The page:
Table of Contents
Git is a version-control system that is used for tracking changes in source code. It can be used to track changes, coordinate work with others, and test branches before publishing. Git commands are ran from the command line inside of
Getting started with Git
To get started with Git, you first need to download it to your computer from here:
Git Download Page
You will also need to create a free GitHub account here:
Configure Git Information
Configure user information for all local repositories
$ git config --global user.name "[name]"
‐ Sets the user name you want attached to your commits.
$ git config --global user.email "[email address]"
‐ Sets the email you want attached to your commits.
$ git config --global color.ui auto
‐ Enables helpful colorization of command line output.
$ git command --help
‐ Outputs a list of git commands.
Create a Repository
Starting a project only needs to be done once, either locally with git init or by cloning an existing repository.
$ git init
‐ Starts a git repository in an existing directory.
$ git clone [url]
‐ Downloads/clones a repository from GitHub.
If a specific file or file types should not be added to a git repository, a file named .gitignore tracks files that should be ignored.
$ touch .gitignore
Some helpful templates and common .gitignore files can be found here: Git Ignore Templates
Working with Branches
Branches are a way to separate your main code base from the code you are working on new content in. You can "check out" a branch to switch over and avoid pushing untested code into publication. Master is the main branch that is started on. Use git status to see what branch you are currently using.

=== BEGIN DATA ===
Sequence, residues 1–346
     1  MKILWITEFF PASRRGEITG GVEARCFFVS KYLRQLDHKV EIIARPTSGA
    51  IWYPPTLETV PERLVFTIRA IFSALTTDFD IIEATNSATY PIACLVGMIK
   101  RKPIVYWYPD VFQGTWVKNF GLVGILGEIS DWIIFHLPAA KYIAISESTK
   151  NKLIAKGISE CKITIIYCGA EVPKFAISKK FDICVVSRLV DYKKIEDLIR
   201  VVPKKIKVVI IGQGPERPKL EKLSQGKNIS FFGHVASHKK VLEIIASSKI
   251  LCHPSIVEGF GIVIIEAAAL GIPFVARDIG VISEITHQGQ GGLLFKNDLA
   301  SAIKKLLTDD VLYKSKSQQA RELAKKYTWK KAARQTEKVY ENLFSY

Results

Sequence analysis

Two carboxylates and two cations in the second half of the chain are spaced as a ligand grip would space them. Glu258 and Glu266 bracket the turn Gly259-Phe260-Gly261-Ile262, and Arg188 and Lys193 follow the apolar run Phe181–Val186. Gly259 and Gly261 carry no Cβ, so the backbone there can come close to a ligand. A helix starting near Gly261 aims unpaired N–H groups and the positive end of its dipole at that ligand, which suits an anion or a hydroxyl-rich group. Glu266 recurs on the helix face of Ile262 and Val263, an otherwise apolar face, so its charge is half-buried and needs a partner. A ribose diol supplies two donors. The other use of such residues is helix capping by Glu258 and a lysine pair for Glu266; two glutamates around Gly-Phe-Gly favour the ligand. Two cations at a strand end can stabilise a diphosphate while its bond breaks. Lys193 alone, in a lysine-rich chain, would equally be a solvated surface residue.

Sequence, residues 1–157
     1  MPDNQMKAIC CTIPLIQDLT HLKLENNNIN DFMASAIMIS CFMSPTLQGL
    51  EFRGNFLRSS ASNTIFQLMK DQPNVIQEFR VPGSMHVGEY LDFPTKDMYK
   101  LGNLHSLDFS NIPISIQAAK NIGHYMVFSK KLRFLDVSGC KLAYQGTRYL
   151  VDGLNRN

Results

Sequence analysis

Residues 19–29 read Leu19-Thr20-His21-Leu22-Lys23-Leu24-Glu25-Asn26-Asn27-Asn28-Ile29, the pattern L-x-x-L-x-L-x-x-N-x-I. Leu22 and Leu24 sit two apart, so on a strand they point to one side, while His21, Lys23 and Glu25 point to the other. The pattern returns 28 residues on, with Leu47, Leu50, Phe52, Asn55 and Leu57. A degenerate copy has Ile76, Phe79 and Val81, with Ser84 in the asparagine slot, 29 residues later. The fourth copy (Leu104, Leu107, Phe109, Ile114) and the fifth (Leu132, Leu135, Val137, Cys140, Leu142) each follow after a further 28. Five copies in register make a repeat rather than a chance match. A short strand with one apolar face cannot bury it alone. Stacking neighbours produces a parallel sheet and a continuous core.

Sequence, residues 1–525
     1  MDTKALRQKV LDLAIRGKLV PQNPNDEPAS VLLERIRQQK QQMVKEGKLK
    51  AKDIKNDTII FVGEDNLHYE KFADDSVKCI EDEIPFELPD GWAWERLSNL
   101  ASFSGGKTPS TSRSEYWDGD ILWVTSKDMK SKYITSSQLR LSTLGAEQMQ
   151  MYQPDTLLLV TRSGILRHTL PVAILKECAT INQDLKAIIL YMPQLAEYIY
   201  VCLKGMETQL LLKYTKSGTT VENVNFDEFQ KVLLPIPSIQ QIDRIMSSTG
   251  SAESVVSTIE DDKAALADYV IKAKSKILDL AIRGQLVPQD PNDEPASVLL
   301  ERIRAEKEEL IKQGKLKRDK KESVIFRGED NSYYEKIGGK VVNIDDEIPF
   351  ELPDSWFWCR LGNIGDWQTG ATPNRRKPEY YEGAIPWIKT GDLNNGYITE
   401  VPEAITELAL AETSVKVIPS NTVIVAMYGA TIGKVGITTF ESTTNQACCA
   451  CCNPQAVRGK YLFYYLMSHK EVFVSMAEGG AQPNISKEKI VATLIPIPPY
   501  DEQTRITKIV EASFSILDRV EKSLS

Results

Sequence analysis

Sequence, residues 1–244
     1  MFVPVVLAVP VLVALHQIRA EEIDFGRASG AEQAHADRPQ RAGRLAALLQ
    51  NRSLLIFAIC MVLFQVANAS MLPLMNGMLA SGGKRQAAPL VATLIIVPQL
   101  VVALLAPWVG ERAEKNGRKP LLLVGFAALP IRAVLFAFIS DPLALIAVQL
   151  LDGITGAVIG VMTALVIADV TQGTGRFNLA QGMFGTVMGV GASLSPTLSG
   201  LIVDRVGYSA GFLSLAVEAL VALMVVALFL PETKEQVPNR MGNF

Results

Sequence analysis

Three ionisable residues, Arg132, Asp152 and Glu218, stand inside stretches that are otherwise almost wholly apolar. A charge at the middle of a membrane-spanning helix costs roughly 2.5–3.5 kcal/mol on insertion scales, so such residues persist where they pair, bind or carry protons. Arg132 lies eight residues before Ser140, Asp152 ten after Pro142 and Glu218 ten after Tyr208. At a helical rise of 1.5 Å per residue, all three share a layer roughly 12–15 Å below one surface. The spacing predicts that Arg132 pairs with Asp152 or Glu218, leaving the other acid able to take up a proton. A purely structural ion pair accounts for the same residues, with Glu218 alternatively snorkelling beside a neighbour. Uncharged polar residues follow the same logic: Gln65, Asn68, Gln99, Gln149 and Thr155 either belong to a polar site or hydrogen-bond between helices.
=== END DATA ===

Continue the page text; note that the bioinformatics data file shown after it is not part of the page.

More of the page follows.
$ git status
‐ Check to see which branch you are currently on.
$ git branch [branch-name]
‐ Creates a new branch.
$ git checkout [branch-name]
‐ Switches to a different branch.
$ git checkout -b [branch-name]
‐ Combines git branch and git checkout into one command. It creates a new branch and switches to it.
$ git merge [branch-name]
‐ Combines the named branch history into your current working branch. Usually done in pull requests.
$ git branch -d [branch-name]
‐ Deletes the named branch.
Make a change
Add and commit any changes you have made to the local repositiory before you push to the remote one.
$ git add [file]
‐ Stages a single file and is ready to be commited.
$ git add .
‐ Stages all changed files and is ready to be commited.
$ git commit -m "commit message"
‐ Commits all staged files with a message about changes made.
$ git reset [file]
‐ Unstages a single file, but keeps changes made to the file.
$ git reset --hard
‐ Revert everything to the last commit.
To make sure your local copy is the same as the remote repository, it is important to remember to synchronize your files with these commands.
$ git fetch
‐ Downloads all of the branch history and updates, but your local copies stay the same. Does not merge like git pull.
$ git merge
‐ Combines remote tracking branch into current local branch.
$ git pull
‐ Downloads and updates your local copy with all new commits from the remote branch. It is a combination of git fetch and git merge.
$ git push
‐ Uploads all current local changes added and commited to the GitHub repository.
$ git push origin [branch-name]
‐ The origin represents a remote name where you want to push changes